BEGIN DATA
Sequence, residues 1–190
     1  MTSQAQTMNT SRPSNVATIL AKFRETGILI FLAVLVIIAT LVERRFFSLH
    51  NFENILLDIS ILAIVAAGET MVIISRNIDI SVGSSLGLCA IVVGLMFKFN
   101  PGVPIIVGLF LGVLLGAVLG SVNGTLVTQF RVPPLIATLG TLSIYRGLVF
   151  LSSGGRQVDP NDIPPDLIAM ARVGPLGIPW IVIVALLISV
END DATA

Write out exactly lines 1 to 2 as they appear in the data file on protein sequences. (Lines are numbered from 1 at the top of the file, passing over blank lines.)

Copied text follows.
Sequence, residues 1–190
     1  MTSQAQTMNT SRPSNVATIL AKFRETGILI FLAVLVIIAT LVERRFFSLH